Homemade yeast rolls feel like the unachievable holy grail for a lot of home cooks–something only professional bakers and the frozen food section of the grocery store can share. But I have news for you. It IS doable for even new cooks. Here’s how.
I’m begging you not to give up on homemade yeast rolls before you start. I know making bread can be intimidating and I’m always amazed at the number of people who don’t know how but hey–it’s time to learn! I promise it’s not hard. It has a little learning curve, but it’s nothing you can’t do.
This roll recipe is old–older than my husband’s great grandmother who gave it to me–and that is pretty old, let me tell you. She’s the same one who attacked me over the potatoes at Thanksgiving a few years ago. She’s a doll–well, a doll with a walker and the temper of a fire ant.
If you can conquer these rolls, you can make any bread. Cinnamon rolls, sourdough, you name it. You got it. And you can do it. The one trick I have is to recommend CHEAP flour. Yes, CHEAP. The best brand I have used is Baker’s Corner sold at Aldi’s. I’ve also had really good luck with King Arthur’s bread flour but having a special bread flour really isn’t necessary.
Please note that this recipe is huge and makes a couple dozen rolls. You can easily freeze the dough before baking and then thaw, rise and bake or you can easily half the recipe.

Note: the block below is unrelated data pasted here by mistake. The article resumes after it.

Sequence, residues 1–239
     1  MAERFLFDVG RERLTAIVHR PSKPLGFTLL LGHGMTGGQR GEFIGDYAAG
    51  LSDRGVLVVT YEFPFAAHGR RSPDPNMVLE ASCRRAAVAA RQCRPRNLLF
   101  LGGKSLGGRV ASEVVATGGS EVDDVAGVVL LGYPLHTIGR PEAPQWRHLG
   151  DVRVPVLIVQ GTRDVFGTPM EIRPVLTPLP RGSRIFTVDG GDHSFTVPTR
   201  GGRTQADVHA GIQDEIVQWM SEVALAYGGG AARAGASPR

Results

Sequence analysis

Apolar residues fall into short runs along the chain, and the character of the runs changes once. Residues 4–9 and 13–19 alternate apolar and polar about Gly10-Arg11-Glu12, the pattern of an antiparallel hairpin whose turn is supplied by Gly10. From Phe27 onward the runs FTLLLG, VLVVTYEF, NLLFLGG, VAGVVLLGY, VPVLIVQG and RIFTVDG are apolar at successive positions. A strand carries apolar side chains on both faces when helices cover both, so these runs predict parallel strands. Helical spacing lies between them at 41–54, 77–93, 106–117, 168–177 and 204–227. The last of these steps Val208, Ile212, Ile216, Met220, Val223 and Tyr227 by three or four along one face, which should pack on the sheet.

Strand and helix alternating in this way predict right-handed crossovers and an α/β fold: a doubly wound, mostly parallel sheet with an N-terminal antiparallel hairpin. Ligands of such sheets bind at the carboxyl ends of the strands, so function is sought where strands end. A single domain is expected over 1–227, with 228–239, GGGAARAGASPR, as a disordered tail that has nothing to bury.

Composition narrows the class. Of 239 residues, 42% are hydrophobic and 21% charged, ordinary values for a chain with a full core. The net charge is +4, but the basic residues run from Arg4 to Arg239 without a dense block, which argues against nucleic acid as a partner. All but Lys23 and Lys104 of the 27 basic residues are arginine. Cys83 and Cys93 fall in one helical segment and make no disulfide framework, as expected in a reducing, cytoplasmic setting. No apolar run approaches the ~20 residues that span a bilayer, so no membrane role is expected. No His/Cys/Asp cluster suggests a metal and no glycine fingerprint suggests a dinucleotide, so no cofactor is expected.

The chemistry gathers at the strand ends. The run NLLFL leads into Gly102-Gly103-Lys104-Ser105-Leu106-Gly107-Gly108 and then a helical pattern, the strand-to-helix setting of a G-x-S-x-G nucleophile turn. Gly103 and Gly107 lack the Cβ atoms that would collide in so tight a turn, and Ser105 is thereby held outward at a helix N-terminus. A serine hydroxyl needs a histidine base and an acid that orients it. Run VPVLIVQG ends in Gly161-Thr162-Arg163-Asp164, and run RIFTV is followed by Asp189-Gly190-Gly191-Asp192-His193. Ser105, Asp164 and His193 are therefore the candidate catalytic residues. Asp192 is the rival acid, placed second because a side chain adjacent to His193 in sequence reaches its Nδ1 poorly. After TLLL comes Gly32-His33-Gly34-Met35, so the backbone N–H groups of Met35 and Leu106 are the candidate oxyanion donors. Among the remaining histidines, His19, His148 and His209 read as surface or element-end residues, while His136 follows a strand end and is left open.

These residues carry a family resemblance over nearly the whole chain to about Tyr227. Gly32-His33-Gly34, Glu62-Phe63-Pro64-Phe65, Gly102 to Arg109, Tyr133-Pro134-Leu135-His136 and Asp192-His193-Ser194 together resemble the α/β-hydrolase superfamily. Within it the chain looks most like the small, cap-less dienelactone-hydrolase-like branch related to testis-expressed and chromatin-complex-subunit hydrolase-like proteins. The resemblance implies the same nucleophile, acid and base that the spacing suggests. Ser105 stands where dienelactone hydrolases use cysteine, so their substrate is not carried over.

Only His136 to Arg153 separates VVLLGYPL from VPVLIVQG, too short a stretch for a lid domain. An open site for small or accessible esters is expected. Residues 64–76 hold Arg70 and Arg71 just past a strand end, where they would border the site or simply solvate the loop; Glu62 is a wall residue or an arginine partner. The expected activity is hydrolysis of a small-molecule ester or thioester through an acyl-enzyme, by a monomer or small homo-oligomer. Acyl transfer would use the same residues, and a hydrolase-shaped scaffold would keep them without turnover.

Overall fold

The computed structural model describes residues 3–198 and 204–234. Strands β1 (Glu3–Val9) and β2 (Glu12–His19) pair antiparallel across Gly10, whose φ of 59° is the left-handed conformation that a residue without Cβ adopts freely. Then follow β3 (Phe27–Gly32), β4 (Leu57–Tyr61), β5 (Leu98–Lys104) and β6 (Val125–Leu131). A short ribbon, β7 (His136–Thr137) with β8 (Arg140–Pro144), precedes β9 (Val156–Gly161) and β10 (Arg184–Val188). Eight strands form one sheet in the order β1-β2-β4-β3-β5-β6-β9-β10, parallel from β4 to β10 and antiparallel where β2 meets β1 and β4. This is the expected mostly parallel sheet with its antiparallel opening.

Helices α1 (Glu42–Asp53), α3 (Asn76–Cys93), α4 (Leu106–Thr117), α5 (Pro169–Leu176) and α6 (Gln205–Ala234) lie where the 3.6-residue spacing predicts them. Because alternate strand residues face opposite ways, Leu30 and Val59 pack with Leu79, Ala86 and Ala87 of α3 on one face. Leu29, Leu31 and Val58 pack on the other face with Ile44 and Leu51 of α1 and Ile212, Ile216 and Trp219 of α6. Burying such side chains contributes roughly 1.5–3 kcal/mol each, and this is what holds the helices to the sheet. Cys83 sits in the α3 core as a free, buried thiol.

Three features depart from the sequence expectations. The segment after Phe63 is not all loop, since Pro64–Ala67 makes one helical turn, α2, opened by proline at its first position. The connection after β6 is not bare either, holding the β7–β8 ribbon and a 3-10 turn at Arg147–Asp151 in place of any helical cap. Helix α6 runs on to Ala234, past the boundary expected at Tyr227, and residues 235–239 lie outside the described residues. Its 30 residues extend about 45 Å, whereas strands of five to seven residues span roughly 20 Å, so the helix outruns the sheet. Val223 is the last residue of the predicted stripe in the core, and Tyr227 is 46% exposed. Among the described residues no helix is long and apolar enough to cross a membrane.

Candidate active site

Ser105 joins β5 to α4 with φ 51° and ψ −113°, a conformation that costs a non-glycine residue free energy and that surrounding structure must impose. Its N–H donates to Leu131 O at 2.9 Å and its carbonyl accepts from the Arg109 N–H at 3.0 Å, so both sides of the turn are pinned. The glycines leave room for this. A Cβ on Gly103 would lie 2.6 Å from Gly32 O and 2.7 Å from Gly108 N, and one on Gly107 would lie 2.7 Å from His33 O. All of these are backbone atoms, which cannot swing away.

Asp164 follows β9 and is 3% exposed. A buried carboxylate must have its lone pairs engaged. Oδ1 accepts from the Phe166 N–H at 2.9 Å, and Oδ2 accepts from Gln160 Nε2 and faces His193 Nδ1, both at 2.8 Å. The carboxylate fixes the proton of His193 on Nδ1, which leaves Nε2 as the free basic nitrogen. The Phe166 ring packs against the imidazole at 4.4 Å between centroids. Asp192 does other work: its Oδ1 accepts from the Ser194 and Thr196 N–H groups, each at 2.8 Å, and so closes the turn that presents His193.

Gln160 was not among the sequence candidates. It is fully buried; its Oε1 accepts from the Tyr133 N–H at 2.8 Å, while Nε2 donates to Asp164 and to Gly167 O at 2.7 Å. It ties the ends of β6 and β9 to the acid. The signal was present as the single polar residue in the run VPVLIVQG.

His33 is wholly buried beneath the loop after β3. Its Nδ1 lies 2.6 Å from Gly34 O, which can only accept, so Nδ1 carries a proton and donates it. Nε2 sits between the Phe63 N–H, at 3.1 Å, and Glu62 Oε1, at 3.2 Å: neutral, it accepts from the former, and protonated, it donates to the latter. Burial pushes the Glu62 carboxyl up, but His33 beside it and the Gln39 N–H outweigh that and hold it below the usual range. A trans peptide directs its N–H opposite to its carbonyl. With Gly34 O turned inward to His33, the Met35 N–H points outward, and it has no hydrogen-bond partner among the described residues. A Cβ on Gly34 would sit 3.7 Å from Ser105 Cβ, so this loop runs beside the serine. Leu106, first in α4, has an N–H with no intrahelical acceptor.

Homemade Yeast Rolls
- 2 cups warm water about 120 degrees
- 2 packages dry active yeast
- 1/2 cup sugar
- 2 teaspoons salt
- 1 egg at room temperature
- 1/4 cup vegetable oil
- 6 1/2 cups to 7 all purpose or bread flour
- In a large bowl, add the water and yeast. Allow it to sit until the yeast starts to foam--about 5 minutes.
- Add the sugar, salt, egg, and oil and stir to combine.
- Add the flour up to about 6 cups and stir well. You may have to use your hands to finish mixing it.
- Add the last 1/2-1 cup of flour if the dough is still very wet. It will be a sticky dough and that's okay.
- Spray the top with cooking spray and cover the dough with plastic wrap.
- Let rise in a warm place until doubled in size 1 to 2 hours.
- After the dough doubles, punch it down with your fist and turn it out onto a floured surface.
- Knead the dough until smooth--about a minute or so.
- Grease 3 9-inch cake pans with cooking spray.
- Break off walnut-sized balls of dough (about 2 inches in diameter) and place them, touching in the cake pans.
- Cover lightly with greased plastic wrap and allow to double again. About another 45 minutes to an hour.
- Bake in a 375 degree oven until golden, 20 to 25 minutes. Brush with butter before serving.